Meet the 2022 Law Student of the Year
As a hair salon owner, Katherine Hanson would listen to women talk about safety issues or discrimination they’d experienced on their jobs. The single mother decided to do more: enrolling in Chicago-Kent and starting a support group for parenting students as well as a 501c3 to provide additional resources. She's also excelled academically: becoming editor of the Law Review, serving on the Executive Board of the Student Bar Association, and winning multiple writing awards.
Back when Katherine Hanson ’22 owned a hair salon, she would listen to women talk about their lives. From the salon chair, her customers would confide in her, talking about safety issues or discrimination they’d experienced on their jobs. As a working single mother, Hanson could relate.
“Listening to their stories wasn’t enough anymore,” Hanson says. “I felt like I could do more than I was doing.”
Since arriving at Chicago-Kent College of Law, Hanson has indeed done more.
Upon her acceptance at Chicago-Kent, Hanson immediately focused her energy on employment and labor law. While completing a Justice John Paul Stevens Public Interest Fellowship and Edward Coles Fellowship with the Illinois Human Rights Commission in the summer of 2021, she noted, “That’s the primary resource you have if you’ve suffered some kind of employment discrimination at the state level. I love the field. The work is so meaningful to me because it affects people’s livelihoods.”
While there, Hanson worked with the commission’s general counsel’s office, reviewing claims that had been appealed and advising the commission how to vote. She was one of only three to receive either the Stevens Fellowship or Coles Fellowship, and has subsequently made the finalist list for the United States Department of Labor’s Honors Attorney program.
And she has thrived academically, becoming the 2021 editor of the Chicago-Kent Law Review, serving on the Executive Board of Chicago-Kent’s Student Bar Association (a rare crossover with her Law Review responsibilities), and proving to be a powerful writer.
Hanson won the Mary Rose Strubbe Labor & Employment Writing Prize and placed second in the Louis Jackson Memorial National Student Writing Competition for her paper “Conduct, Causation, and Comparators: Revisiting the Defense of the Equal Opportunity Harasser After Bostock.” The paper explored how a recent U.S. Supreme Court case could weaken a peculiar sexual harassment defense made by “equal opportunity harassers”: employers who, in effect, harass both men and women at work, and thus skirt discrimination-based Title VII harassment claims.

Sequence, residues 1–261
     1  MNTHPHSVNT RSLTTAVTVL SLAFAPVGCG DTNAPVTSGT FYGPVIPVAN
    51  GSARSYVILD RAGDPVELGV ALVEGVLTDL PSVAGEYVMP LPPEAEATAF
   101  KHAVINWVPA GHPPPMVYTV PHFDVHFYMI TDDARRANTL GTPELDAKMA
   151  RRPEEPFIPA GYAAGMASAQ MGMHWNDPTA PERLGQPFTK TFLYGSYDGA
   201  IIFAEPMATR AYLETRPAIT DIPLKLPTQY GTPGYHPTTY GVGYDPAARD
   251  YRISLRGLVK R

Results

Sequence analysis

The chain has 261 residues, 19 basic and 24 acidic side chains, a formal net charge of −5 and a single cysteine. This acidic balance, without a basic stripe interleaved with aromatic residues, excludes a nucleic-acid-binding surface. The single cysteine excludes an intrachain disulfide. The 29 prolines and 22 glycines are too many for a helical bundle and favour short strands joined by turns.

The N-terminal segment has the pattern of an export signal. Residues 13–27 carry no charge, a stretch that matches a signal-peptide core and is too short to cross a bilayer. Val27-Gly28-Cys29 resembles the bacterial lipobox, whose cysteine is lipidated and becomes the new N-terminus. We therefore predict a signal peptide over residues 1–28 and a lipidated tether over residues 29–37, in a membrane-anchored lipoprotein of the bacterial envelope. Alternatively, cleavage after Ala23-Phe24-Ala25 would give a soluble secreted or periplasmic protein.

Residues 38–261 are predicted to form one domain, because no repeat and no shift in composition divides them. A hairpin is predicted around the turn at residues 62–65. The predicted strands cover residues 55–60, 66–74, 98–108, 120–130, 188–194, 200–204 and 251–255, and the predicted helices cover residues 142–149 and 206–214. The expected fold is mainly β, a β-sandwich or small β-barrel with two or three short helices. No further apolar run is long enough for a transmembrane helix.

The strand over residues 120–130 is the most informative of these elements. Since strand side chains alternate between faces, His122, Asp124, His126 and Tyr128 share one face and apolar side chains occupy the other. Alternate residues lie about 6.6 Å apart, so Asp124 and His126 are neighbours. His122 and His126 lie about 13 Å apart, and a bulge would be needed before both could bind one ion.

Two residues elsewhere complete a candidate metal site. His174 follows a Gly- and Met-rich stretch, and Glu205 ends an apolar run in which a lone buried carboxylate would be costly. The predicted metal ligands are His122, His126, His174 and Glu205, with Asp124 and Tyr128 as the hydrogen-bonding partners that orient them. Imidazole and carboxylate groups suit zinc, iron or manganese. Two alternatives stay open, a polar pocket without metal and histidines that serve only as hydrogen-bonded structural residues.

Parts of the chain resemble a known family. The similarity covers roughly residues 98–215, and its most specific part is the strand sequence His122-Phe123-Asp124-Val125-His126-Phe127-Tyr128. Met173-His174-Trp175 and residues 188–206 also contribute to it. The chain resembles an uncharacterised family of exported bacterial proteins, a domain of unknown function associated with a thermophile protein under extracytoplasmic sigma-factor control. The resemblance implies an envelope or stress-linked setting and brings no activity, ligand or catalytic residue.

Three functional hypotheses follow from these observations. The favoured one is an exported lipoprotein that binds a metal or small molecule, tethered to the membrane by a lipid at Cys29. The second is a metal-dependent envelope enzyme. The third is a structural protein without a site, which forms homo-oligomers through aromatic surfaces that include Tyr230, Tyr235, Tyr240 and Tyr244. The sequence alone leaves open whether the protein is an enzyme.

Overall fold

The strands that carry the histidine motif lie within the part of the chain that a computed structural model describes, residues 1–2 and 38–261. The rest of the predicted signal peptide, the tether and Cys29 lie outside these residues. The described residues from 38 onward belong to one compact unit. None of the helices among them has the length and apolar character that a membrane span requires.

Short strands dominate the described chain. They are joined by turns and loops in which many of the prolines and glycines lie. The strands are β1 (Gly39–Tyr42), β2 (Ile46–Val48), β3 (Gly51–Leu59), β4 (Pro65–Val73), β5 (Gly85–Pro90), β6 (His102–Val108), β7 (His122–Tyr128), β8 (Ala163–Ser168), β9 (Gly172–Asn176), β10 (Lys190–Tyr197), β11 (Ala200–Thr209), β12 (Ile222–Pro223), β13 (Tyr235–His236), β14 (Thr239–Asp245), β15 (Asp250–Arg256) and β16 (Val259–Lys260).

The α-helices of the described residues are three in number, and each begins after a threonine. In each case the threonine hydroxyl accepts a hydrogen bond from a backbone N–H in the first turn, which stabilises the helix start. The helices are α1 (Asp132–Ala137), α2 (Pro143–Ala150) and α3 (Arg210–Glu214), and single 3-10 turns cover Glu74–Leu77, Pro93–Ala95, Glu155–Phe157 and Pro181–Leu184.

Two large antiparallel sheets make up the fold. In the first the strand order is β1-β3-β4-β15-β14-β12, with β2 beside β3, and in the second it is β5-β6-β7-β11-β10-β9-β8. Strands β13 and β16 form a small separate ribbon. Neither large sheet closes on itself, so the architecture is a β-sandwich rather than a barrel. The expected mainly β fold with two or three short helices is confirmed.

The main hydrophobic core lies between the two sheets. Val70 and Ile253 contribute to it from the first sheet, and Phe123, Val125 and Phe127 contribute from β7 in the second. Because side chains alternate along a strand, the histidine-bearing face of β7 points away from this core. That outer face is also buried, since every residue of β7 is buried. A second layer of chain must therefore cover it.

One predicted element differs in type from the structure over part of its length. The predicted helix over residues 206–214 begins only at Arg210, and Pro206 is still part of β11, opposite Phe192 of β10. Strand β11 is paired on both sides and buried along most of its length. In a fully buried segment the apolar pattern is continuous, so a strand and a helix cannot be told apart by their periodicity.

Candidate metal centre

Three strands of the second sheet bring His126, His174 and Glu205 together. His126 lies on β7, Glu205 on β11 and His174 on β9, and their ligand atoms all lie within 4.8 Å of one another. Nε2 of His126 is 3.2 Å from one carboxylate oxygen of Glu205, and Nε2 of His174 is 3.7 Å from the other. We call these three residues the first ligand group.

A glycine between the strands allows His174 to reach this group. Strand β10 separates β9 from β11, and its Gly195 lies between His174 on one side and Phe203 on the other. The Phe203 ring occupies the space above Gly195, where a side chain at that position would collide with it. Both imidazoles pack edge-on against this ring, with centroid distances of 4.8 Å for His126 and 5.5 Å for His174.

But Hanson’s academic work was not enough for her: Adhering to the impetus that led her to apply to law school in the first place, Hanson started a student organization, Parents and Caregivers at Chicago-Kent, which now has dozens of members, from students caring for grandparents to parenting students like herself. The organization recently ran a clothing, toy, and femine product drive for The Women’s Treatment Center, a Chicago-based social service organization.
Hanson is also co-founding JD & Family, a 501c3 nonprofit that seeks to address the needs of J.D. students with families nationwide, by offering a supportive network and building a scholarship fund. The network will include a listing of local organizations and scholarships, information on Title IX, and other resources.
When Hanson personally reached out to numerous law schools to check on their student-parent organizations, “I found it kind of alarming that most of them had atrophied and died off,” she says. “That doesn’t match up with the data I’m reading on how many mothers are in college right now. I think the reality is just that parenting students just don’t have time.”
A full seventh of Chicago-Kent’s student body are part-time evening students, many of them working parents.
“I see there are places where parenting students need more resources. Sometimes your car breaks down and you need $50. Sometimes these things are addressed with financial aid, and other times they are not,” Hanson adds. “That’s what I hope to address.”
It goes without saying that Hanson hopes to continue contributing to the labor and employment field upon graduation.
Born from a family of farmers on one side and trade workers on the other, Hanson is a first-generation college student. She received her Bachelor of Science in Liberal Arts from Northern Illinois University in 2018. In addition to her fellowship with the Illinois Human Rights Commission, she completed externships with U.S. District Court Judge John Robert Blakey, the U.S. Equal Employment Opportunity Commission, and Chicago-Kent’s Plaintiffs Employment Law Clinic.